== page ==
Janet Sheridan: Remembering my father
When I look in the mirror, I see Dad’s eyes looking back at me. I also have his height, frame, ears and hand gestures. I like the physical features I share with my dad, but I’m surprised when I display his behaviors — especially those I vowed to avoid when I was young, smug and critical.
My dad’s unrestrained emotions, colorful language, and lack of guile wreaked havoc with my youthful notions of appropriate behavior. I remember refusing to go into the local bakery with him because he invariably asked for stale bread rather than day-old, which I thought proper.
Then a giggling granddaughter told me I shouldn’t ask if she wanted a soda. “Coke or 7-Up or Dr. Pepper just sounds better,” she explained, before adding, “At least you didn’t say pop.”
Dad also embarrassed me by bursting into song at odd moments. I liked his melodious voice, but no one should sing “Blood on the Saddle,” while shopping at the supermarket. He crooned at will, oblivious to my disapproval, and I pretended I didn’t know him.
Years later, I received a note from one of my fourth-grade students when I was home with my annual bout of bronchitis: “I hope you get better. I miss the way you walk around singing and humming all the time.”
My stomach knotted with anxiety, and I judged Dad harshly when he flared into frustrated anger at things that didn’t work: cars, cows, the IRS. Then, as an adult, I found myself muttering profanities at disobedient objects such as vacuums, sewing machines, my hair. And sometimes, I thumped them.
Dad’s indifference to the appearance of our family cars also troubled my teenage sensibilities. When young, I didn’t mind bouncing around in neglected vehicles, startling folks as we clanked, rattled, and shimmied past. But as a teenager, I slumped below window level, which blessed me with a touchy back and poor posture for years.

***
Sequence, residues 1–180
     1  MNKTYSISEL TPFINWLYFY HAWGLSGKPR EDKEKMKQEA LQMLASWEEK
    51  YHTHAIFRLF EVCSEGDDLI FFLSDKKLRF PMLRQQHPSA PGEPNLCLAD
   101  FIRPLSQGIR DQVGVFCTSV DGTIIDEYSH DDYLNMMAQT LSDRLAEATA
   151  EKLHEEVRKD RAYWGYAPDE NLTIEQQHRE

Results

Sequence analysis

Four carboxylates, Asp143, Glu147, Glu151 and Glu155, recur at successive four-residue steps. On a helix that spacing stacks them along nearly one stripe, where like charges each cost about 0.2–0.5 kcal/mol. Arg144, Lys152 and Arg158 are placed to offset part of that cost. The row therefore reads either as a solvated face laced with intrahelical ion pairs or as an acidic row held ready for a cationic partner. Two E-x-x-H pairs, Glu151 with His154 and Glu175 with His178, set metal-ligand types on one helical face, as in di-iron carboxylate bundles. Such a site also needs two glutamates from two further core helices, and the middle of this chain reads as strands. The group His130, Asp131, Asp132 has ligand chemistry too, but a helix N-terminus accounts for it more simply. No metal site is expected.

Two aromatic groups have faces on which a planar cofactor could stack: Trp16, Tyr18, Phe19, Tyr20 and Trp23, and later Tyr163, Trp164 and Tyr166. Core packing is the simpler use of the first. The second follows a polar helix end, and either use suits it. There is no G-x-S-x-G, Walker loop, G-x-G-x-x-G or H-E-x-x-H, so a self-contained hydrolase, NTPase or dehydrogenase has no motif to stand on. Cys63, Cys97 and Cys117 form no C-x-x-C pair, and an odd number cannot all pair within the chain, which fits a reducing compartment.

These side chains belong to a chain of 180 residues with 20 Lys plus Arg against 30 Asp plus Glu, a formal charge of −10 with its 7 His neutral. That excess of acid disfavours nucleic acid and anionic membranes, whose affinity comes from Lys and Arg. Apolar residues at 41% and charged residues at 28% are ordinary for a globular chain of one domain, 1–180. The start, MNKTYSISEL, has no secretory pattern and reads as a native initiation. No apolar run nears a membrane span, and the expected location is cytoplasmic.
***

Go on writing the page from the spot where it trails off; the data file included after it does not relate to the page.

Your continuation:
Then I married, and my husband and I bought our first car: a 1963 Dodge Dart sedan with a passenger-side front door that wouldn’t open, one red fender on an otherwise gray body, and a drooping front bumper. Bill then attached a rack to the car’s top to carry his battered aluminum fishing boat and secured it with a yellow nylon cord running from the boat’s bow to the car’s grill. The same fluorescent rope bound two wooden oars to the useless passenger-side door. He kept his oil-leaking outboard motor in the trunk along with his gear and an occasional dead fish.
It smelled like a bass pond and looked more disreputable than any of my dad’s cars, but I don’t remember caring.
Even when a judgmental teenager, however, I knew my father also had positive attributes of import: He loved and admired my mother and focused his life on taking care of his family. We always knew where he was and when he would be home. Until the day he died, we were secure in the knowledge that if we needed his help, he’d be there.
I don’t remember my father saying, “I love you,” but I carried within me, every day I lived and every place I went, the certainty that he did so.
At a recent class reunion, a former classmate and neighbor, David, told me how much he enjoyed knowing my dad. He told me he had worked with Dad for several days putting up hay for an injured neighbor.
“I was lucky to be paired with him. He worked harder than anyone, even those much younger, and sang or told stories the entire time. He treated me like I was worthwhile and a good worker. I liked and respected him.”
Oh, so did I, David. And I loved him with all my heart.
Hug your fathers on June 19.
Sheridan’s book, “A Seasoned Life Lived in Small Towns,” is available in Craig at Downtown Books and Steamboat Springs at Off the Beaten Path Bookstore. She also blogs at http://www.auntbeulah.comhttp://www.auntbeulah.com on Tuesdays on Tuesdayshttp://www.auntbeulah.com on Tuesdays
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